With time, Jyoti Randhawa will probably even laugh about it, on how he cheated certain death, but right now the incident keeps coming back, frame by frame, and the plastered right anterior tibia (shinbone) a reminder of how lightly he got away.
When he took off, sometime in January, to an area adjoining Lucknow, it was meant to be one of those non-golfing trips he likes to make every now and then. Whether it’s skydiving, shooting, snorkelling or in this case, taming the terrain on the ATV (all-terrain vehicle) --- his companion for a while now --- the pursuits are claimed to be of help in golf.
Starting out in a group, soon he was on his own. Spotting a challenge ahead --- a steep incline, he decided to take it on. At first, all seemed well but he lost control of the machine soon after. His instincts as a sportsman told him to let go, and he did, and that should have completed the disengagement. But perched awkwardly, the machine started to roll towards him and was soon over him.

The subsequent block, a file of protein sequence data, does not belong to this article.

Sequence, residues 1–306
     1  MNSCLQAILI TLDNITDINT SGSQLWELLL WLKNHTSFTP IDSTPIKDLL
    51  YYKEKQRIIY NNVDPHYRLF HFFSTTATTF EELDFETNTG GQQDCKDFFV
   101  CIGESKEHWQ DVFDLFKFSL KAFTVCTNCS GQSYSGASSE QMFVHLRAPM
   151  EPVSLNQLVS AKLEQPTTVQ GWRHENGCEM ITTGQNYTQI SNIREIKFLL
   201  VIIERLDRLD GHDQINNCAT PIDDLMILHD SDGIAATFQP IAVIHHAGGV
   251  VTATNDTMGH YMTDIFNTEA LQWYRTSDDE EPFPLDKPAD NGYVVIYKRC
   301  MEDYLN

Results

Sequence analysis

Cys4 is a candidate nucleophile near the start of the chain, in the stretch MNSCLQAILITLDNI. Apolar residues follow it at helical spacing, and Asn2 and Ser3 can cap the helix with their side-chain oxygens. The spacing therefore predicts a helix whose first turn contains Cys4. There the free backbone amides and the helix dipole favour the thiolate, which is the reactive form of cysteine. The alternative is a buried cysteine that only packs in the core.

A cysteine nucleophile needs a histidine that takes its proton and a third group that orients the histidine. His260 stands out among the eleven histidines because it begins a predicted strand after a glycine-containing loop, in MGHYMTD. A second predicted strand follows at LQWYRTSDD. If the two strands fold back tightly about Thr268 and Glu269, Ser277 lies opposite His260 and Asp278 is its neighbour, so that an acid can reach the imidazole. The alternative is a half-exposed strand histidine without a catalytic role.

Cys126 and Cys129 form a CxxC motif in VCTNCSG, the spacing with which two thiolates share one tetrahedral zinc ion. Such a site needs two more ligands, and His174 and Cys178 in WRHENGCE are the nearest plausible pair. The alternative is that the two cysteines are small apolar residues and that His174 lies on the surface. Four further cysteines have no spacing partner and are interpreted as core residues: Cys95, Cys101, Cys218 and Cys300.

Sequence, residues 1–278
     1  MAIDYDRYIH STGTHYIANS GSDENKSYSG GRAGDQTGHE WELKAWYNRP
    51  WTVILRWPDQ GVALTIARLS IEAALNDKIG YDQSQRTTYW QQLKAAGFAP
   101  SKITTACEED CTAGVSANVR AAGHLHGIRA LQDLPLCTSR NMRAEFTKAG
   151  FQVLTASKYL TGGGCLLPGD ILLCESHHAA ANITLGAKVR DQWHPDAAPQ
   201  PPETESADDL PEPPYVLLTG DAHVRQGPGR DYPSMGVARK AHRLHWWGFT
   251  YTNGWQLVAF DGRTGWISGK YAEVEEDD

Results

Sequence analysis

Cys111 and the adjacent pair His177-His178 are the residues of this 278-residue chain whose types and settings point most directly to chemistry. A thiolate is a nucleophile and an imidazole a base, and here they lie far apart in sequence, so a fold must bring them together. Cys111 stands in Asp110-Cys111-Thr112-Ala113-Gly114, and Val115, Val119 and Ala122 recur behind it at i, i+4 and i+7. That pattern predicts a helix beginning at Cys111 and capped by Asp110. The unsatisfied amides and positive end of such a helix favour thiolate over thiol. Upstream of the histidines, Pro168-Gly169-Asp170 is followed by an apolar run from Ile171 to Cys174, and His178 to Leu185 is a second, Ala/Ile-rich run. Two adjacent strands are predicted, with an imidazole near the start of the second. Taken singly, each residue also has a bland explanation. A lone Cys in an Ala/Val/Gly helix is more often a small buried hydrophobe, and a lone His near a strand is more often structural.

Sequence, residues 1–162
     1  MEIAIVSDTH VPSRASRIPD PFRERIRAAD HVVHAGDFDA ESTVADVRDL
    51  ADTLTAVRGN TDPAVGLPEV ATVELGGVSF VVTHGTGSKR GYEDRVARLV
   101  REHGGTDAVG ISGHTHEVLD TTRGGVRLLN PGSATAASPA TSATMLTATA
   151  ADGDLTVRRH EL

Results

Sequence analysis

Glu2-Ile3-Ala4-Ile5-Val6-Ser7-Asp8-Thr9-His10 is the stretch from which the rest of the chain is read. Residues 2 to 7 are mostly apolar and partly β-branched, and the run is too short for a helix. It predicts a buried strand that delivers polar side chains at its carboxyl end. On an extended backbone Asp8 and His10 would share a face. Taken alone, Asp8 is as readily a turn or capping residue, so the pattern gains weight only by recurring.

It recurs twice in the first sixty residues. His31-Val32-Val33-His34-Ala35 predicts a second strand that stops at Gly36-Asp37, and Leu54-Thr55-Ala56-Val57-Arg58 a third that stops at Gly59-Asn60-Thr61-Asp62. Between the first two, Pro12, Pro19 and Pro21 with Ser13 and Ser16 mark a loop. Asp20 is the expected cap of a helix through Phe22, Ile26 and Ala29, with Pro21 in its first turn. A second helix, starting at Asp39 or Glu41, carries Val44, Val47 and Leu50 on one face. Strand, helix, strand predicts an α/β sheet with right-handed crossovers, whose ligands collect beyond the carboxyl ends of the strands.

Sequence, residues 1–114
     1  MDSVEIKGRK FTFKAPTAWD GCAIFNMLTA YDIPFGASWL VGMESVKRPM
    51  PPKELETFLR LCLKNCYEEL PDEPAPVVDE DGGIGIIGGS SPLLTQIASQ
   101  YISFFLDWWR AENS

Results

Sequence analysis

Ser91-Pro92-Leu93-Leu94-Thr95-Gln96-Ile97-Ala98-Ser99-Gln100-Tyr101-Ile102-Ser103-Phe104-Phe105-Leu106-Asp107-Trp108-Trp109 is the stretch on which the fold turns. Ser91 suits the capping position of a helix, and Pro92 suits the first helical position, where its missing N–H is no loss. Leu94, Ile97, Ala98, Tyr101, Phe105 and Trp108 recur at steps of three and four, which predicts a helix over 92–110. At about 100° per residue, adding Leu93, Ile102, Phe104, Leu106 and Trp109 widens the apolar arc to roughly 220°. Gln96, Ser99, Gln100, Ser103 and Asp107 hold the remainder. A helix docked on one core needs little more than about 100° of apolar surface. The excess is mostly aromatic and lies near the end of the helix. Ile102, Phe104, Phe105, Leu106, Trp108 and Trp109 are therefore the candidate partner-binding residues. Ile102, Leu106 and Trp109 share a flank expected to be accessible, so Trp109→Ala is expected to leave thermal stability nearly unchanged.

The weight of the monstrous contraption could have easily left Jyoti a bloody mass of flesh and bone, and while he could make out the shinbone had snapped into half, it could have been far worse had help not been close at hand.
After taking stock, it’s now a race to get fit for the Indian Open later this month, which he’s won thrice. Training started last month but the period of inactivity has left the upper body weak, making it difficult to do pull-ups and push-ups.
Whether the eight-time winner on the Asian Tour makes the deadline of March 17-20 remains to be seen, but Jyoti, under close supervision of coach Pritam Saikia, is working towards making the quads, hamstring and butt muscles stronger.
Right now, practice is restricted to work around the greens --- chipping and putting. Once the cast comes off, he will hit the range, but more importantly, the endeavour will be to regain stability below the knee.